This began a life of adventure with she and her husband joining the staff of Young Life, an organization in which adults who are concerned enough about adolescents go to them, on their turf and in their culture, building bridges of authentic friendship, sharing God’s love by deed and word. Her walk with Jesus was not without challenge, especially when the organization in the 1960’s asked George and Martie to move from the suburbs of Dallas to turbulent Chicago where they would work with inner city youth.

From Martie’s own lips I heard the story many years ago. “Taking my young children to downtown Chicago was NOT in my game plan. God may have been calling George but I hadn’t heard any such call and saw no need to follow George’s plan without personal verification from God. So when George asked me to at least pray about it, I went into the bedroom, got down on my knees and basically told God I thought this was a ridiculous idea, but if it was His idea, I would be willing to go. As I knelt there quietly, an unexpected peace settled over me. I moved—with George!—to Chicago.” The rest is history as goes the saying.

Her walk with God was one of deep faith but not without questions. She and God were on intimate terms and she truly enjoyed Him. And she loved being with people who also basked in His presence. (She would have loved this celebration of her life!) Throughout her years she shared herself with others without losing her sense of self. We in the congregation that day couldn’t wait to tell others our Martie stories. Many of us had the privilege of working closely in ministry with her, but for Martie, there was little difference between “ministry” and having a party. Even in her last years, before being confined to bed or wheelchair and unable to remember names of friends and family members, when seated at the piano, she played “by heart” the hymns she knew so well. Two weeks before Martie’s death, her granddaughter (whose name she couldn’t remember) read Psalm 46. Memory of names and places was gone, but soon her faint voice began to “read” along. The words had not been merely memorized but stored deep within her soul.

But what is the connection between Martie’s life story—and there’s so much more to tell—and the chatty congregation?? As I sat through hymns, shared memories and a short sermon, I began to realize something. Hovering over and floating within was this common sense of community: we all had been touched by Martie’s life—by the Jesus of Martie’s life—and we were happy to be together. We needed to talk and hug and remember. This is what it means to be family, Christ’s family.*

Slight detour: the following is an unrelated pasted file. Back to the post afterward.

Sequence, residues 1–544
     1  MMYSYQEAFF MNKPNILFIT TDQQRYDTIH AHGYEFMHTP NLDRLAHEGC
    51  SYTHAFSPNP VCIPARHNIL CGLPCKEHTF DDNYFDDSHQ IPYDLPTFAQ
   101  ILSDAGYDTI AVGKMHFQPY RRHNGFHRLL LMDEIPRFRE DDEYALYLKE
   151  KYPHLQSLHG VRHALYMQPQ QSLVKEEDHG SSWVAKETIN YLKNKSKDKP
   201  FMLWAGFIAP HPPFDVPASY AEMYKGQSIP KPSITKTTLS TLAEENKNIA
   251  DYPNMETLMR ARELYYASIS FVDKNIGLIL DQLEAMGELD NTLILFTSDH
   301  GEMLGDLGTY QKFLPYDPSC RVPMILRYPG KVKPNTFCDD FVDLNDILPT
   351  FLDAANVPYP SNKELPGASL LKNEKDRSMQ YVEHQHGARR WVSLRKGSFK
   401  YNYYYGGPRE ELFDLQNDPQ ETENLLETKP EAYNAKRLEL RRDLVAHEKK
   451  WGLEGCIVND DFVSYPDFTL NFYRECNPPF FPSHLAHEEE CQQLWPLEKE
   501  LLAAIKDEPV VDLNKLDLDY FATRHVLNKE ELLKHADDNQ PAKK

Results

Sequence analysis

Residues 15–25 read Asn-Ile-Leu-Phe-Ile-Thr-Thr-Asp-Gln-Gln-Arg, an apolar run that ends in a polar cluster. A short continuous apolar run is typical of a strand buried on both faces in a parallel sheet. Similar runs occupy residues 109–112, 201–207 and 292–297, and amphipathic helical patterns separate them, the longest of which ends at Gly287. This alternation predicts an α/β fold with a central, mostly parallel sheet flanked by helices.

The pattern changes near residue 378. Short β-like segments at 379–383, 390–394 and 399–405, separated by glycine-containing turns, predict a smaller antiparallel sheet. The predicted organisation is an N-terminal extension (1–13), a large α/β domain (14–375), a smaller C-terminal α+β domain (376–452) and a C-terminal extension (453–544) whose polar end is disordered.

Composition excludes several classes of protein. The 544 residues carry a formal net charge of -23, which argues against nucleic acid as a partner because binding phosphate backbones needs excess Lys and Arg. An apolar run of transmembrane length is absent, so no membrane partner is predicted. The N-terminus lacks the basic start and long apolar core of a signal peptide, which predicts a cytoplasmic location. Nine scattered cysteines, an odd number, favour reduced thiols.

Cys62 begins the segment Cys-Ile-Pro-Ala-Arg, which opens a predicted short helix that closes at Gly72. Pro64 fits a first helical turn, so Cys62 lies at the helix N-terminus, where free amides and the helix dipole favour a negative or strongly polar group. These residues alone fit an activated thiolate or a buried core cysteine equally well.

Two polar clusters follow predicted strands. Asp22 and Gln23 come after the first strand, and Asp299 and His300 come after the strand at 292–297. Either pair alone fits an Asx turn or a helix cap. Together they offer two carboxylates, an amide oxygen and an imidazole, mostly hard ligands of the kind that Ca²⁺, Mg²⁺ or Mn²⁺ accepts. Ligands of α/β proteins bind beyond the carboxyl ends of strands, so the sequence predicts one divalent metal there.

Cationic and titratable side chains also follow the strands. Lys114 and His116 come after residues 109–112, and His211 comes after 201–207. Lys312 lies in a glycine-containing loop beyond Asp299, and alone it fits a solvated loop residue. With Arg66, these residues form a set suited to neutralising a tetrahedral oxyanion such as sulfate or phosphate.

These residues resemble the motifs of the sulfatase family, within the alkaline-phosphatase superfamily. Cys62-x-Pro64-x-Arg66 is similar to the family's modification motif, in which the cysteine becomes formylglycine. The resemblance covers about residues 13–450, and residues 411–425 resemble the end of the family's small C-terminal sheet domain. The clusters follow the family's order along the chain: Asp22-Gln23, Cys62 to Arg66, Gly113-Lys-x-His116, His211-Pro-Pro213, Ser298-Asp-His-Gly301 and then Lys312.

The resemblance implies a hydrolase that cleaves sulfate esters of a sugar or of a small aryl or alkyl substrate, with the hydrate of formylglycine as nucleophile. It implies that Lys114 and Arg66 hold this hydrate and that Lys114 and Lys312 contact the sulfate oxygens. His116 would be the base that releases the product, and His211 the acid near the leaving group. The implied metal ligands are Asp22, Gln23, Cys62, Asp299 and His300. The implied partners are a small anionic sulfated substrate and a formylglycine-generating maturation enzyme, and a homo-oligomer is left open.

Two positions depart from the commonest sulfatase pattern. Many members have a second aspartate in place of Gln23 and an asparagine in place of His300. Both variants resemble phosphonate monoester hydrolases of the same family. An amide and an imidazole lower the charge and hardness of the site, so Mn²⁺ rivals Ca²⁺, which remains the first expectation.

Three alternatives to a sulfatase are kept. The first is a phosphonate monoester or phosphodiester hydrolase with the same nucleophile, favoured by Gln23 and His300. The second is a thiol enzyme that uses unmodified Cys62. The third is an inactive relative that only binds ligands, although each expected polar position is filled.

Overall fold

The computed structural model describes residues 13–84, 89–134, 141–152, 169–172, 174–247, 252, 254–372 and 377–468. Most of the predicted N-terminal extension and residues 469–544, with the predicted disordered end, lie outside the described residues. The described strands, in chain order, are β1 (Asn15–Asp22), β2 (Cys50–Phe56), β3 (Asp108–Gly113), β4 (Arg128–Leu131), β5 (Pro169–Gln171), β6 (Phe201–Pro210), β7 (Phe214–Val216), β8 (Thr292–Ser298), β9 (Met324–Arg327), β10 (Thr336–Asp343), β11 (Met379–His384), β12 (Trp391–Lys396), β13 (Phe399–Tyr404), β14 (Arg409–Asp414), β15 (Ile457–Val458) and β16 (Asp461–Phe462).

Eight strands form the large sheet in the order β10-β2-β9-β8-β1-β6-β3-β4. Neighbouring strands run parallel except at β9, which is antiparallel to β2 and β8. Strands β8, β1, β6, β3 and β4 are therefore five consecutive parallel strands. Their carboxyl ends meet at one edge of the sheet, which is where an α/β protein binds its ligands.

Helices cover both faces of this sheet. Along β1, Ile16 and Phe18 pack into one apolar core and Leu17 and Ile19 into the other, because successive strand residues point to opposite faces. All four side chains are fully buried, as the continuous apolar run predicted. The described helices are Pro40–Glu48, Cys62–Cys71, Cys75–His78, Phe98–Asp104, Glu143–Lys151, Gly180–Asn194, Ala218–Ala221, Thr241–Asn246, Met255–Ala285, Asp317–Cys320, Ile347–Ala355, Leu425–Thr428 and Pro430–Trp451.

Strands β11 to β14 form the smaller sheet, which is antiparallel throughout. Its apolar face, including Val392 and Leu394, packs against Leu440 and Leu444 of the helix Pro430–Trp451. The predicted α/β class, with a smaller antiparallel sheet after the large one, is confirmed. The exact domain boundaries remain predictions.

*Martie’s family requested that, before the congregation move downstairs for coffee and dessert, we listen to the organ bursting forth with Widor’s “Toccata” Symphony #5. “We imagine this being played as Martie walked into Jesus’ presence.” Check it out on YouTube. What do you think?

My Place

Maria LaachMany years ago I read Dr. Paul Tournier’s book, A Place for You, and was strangely touched by his insight into what it means to finally, and totally, find our “place” in God. One reviewer describes Tournier’s view this way: There is the uncomfortable uncertainty of being between handholds, but ultimately we have to learn to cope with this. The ultimate place, he (Tournier) suggests, is God.

As one who has moved many times in her adult life, I often find it necessary to discover a physical place to settle into the God place. During these first weeks of the new year while cleaning off the nooks and crannies of my desk, I came upon a postcard that immediately invoked memories—sights, sounds, impressions—of such a place.

During our fifteen years in Germany my life was full to the brim most days. Early in those years, I coped with tragedy and questions. Later I was blessed to be part of a group of women who eagerly wanted to learn how to deeply delve into the Bible, discovering not only methods of study, but—more importantly—how that book and its Author could gradually transform our lives. In addition, my husband and I became acquainted at an increasingly deep level with people from countries around the world and this meant lots of social interaction. Also, our office was in our home, so finding a free-of-interruption “place” of my own was nearly impossible.